• Throughout the 1960’s, both the men’s and women’s judo teams in Košice were far more cohesive than the opposition. During competition they routed for each teammate with far more enthusiasm and passion. It was partially due to their deep routed friendships. Perhaps it was also due to the financial and physical hardships they shared. The team members spent a lot of time on trains – Košice is situated at the extreme East of Slovakia (Czechoslovakia at the time). So traveling from Košice to any tournament was lengthy and taxing. A trip to Prague was over 700 km and took over 11 hours. They would typically travel on overnight trains, and compete the day they arrived. A sleeping car was out of the question, because it was too expensive. An overnight train meant sitting on benches in a cabin that would hold up to eight people. The judoka learned to sleep on overhead luggage racks, or in creative places where there was a chance to stretch out. Friendships survived decades, including post-emigration, and continue to be strong today. Members often participated in many extra-curricular activities, such as hikes, camping, or going to the movies. Many teammates were best friends – Karol Dusil, Pepo Vosecky, and Igor Fridrich were closest to my dad.
• Lokomotíva Košice was the rail company’s sport club. In the communist system, state factories sponsored various sporting sectors. So Lokomotíva had a sports organization spanning over 20 “oddiels” (translated as “sections” or “divisions”) – these oddiels were in judo, wrestling, boxing, European football, handball, basketball, etc. One perk for the judoka was relatively cheap travel costs. For instance, an express train ticket from Košice to Prague in the 1960’s would cost only 20 Czechoslovakian Koruna (around $1 American dollar in today’s exchange rate). That same retail ticket today costs €54 ($76 US$).
• Košice Judo
If you missed previous posts on Košice Judo, you can find them here:
• My dad tried his hand at boxing before seriously taking up judo. When I was a kid I remember watching Mohammad Ali on television, with my dad growing up. I also had the privilege to accompany my dad to the 1976 Olympics in Montreal, Ontario, Canada. We attending judo and boxing events. I later learned that Larry Holmes had fought in one of them.
• 4 minutes 46 seconds
• 4 minutes 13 seconds
• This is the men’s Lokomotiva Košice team. In one tournament, Edo Novak scored a spectacular Ippon against the Czechoslovakian Champion Norbert Pomp using a Ura Nage judo throw.
• 5 minutes 50 seconds
• Standing (left to right) – Karol Dusil, Edo Novak, Csaba Kende, Mr. Gonda (secretary of the Lokomotiva Košice Sport Club), Ing. Robert Binder, Pavel Petrivalsky, Juraj Bialko, Dusan Halasz • Lower row (left to right) – Robert Dusil, Vaclav Dusil, & Joe Nalevanko
• Robert Binder was the founder of Slovak Judo in Bratislava in 1954. According to my uncle, he was a fantastic person and a great help to Lokomotiva Košice, and in the development of Košice judo. He “belted” my uncle from yellow to brown. Joe Nalevanko coached Slavia Košice, the second Košice Judo team, consisting of mainly engineering students, but Lokomotiva Košice also retained him.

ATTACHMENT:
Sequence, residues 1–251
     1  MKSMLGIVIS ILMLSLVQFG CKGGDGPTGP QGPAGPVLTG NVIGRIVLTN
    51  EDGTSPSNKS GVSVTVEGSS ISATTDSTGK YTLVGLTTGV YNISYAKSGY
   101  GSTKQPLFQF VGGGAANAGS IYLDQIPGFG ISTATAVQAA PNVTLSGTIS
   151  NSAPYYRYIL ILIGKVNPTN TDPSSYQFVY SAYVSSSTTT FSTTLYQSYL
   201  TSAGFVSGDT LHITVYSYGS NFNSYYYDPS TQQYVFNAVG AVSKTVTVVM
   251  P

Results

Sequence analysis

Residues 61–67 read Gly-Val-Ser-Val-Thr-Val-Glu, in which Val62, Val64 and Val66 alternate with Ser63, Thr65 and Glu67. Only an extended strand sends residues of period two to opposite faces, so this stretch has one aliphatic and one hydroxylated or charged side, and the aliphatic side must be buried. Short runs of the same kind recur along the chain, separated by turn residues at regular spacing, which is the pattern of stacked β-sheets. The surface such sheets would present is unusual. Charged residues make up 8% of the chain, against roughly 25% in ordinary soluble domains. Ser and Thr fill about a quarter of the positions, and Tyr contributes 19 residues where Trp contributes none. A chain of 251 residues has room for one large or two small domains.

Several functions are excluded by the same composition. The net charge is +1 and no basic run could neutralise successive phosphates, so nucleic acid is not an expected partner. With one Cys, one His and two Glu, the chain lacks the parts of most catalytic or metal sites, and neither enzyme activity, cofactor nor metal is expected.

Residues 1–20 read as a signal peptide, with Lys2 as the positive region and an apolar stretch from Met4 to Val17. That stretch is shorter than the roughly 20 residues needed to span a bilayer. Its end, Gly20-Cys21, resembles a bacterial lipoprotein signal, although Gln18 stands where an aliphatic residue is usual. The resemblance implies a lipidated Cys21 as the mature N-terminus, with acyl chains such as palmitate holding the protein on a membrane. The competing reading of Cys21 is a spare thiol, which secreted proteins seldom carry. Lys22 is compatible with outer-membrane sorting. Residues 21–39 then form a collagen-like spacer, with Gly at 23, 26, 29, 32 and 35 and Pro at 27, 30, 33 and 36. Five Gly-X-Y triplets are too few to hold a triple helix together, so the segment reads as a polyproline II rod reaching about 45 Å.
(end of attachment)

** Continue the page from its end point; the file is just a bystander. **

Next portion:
• 3 minutes 32 seconds
• In 1965 my dad, Pepo Vosecky, Igor Fridrich, Vlado Makovsky and Stefan Bartus went to Split, Croatia (Yugoslavia at the time). They attended a judo tournament, competing in both individual matches, and five-member team competitions. In the spring of 1967 Lokomotíva Košice men’s team went to Leipzig, East Germany for another judo tournament and a reciprocal tournament was held later that year in Košice.
• Documents & Articles
Adolf Kostrian, Andrej Collak, Anna Collakova, Berco Allman, Csaba Kende, Czechoslovakia, Darina Poprenakova, Digital Restoration, Dusan Halasz, dusil.com, Edo Novak, Gabriel Dusil, Hluchan, Igor Fridrich, Ivan Spisak, Janosik Bastam, Joe Nalevanko, Jozef Arvay, Jozef Grusecky, Jozko Lemak, Julia Tothova, Juraj Bialko, Juraj Mazanek, Karol Dusil, Košice, Ladislav Kende, Lokomotiva Košice, Maria Collakova-Korytkova, Michal Korytko, Miro Brozek, Nyarjas, Orendas, Pavel Petrivalsky, Pepo Vosecky, Pista Oravec, Pozemné Stavby, Robert Binder, Robert Dusil, Sano Drabcak, Slavia Košice, Slavia Žilina, Slavo Sykorsky, Slezan Opava, Slovak Judo, Stefan Bartus, Ura Nage, Vaclav Dusil, Vašek Dusil, Vinohrady Bratislava, Vlado Babilonsky, Vojtech Agyagos
• All three Dusil brothers were active in Košice judo until they emigrated in 1968 and 1969. Two years after our arrival my uncle and his family moved to Hamilton, Ontario, Canada and began training at the Kawasaki’s Rendokan Judo Academy. We moved to Burlington in 1973 and my father joined him, to train under Sensei Kawasaki. Mitchell Kawasaki was a elite athlete, representing Canada in the 1976 Summer Olympics in Montreal, Quebec, Canada in Greco-Roman wrestling. I also trained at the Rendokan Academy with my cousin Roman, but we mainly fooled around at the back of the dojo for most of the session.
• When I turned fifteen I decided to take up martial arts again. My attraction was to the striking disciplines rather than grappling, so I decided to try Karate. It just so happened that my mother’s painting instructor’s husband, Ray Davis, was a Shotokan Karate (松濤館) Sensei. He held a fifth dan black belt at the time. On my first day Sensei Davis gave me a personal lesson. That was uncommon, since normally a blue or brown belt would teach a beginner on their first day. I was hooked from the start. After four years I graded for my black belt in my final year of high school. My training continued throughout university.
• In my final year of university studies I met Jim Flood, a world champion martial artist, also with a background in Karate. He had recently opened his own club. For the next two years I trained at Floods Positive Impact Martial Arts in Hamilton. I taught children and adult classes as well. It was the best training facility in the region. Tuesday were memorable because Jim would invite black belts from any school, to come and spar for free. In the early 90’s before Mixed Martial Arts (MMA) began, it was a unique chance for us to learn from different styles. It was a positive and motivational atmosphere. Jim had us check our egos at the door.
If you missed my previous posts on Judo, you can find them here: